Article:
In-Plant Graphics November 2011
SUPDMC was not the only event for in-plants last month. Just a week later, the 2011 SGIA Expo came to New Orleans, followed by the Texas Association of College and University Printers (TACUP) conference the following week in Fort Worth. SGIA brought 16,000 people to the Ernest N. Morial Convention Center to view the latest wide-format, screen and digital printing technologies.
In the summer of 2010, Leslie Rutledge moved from her position at San Diego State University, where she was manager of ReproGraphics, to head up the Graphic Services department at Brown University, in Providence, R.I. "Prior to my arrival, the university had undergone a reorganization, which had to be completed by June 30th," Rutledge says. Targeting redundancy, the university was combining administrative services to achieve greater efficiencies.
Vendors reported a good amount of interest in bindery equipment at this year's GRAPH EXPO in Chicago. The bindery equipment at the show offered in-plants some great opportunities to expand their services and increase their efficiency.
For years, Southern in-plant managers have been inviting me to the Southeastern University Printing and Digital Managers Conference (SUPDMC). As the name implies, this is a group of in-plant managers who hail mostly from Southern states.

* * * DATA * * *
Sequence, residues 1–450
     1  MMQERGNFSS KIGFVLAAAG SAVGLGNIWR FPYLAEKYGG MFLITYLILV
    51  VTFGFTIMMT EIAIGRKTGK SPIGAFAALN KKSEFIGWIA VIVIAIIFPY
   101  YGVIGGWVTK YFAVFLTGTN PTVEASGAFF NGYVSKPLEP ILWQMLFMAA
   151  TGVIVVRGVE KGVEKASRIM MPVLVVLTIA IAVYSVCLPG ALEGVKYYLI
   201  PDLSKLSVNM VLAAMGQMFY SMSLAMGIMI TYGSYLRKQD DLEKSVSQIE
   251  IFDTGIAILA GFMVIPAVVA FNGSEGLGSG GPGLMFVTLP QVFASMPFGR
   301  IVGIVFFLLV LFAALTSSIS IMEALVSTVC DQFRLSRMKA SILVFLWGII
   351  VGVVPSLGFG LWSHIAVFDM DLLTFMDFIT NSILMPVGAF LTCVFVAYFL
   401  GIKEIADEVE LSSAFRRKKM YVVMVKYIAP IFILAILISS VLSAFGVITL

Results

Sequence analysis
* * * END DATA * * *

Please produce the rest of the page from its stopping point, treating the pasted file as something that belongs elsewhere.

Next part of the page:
ANY TIME in-plant managers get together, the conversation and camaraderie never end. This was particularly true at the recent Southeastern University Printing and Digital Managers Conference (SUPDMC). About 30 in-plant managers from universities all over the southern U.S. and as far away as the state of Washington got together in Nashville, Tenn., to exchange information and listen to presentations to help them tune up their operations.
AS SHE closes in on 35 years at the same in-plant, Debby Messina has absolutely no regrets. "I've always loved my job," she proclaims. That job is print room supervisor for the Delaware Division of Research, Legislative Council. One of the reasons she loves it—besides having a lifelong fascination with printing—is that it gives her a chance to serve her beloved state of Delaware, where she has spent her whole life.
WHEN GARRY Boytos arrived at the University of Texas Health Science Center's in-plant (UT Print) in 2008, he faced a challenging situation. Boytos knew that to effectively compete with outside vendors, UT Print would have to make a lot of improvements.
Never assume, just because your in-plant has been around for ages, that everyone knows about it. Employees come and go, and some of the new ones may never have dealt with an in-plant before, and thus have their own ideas about how print jobs should be handled.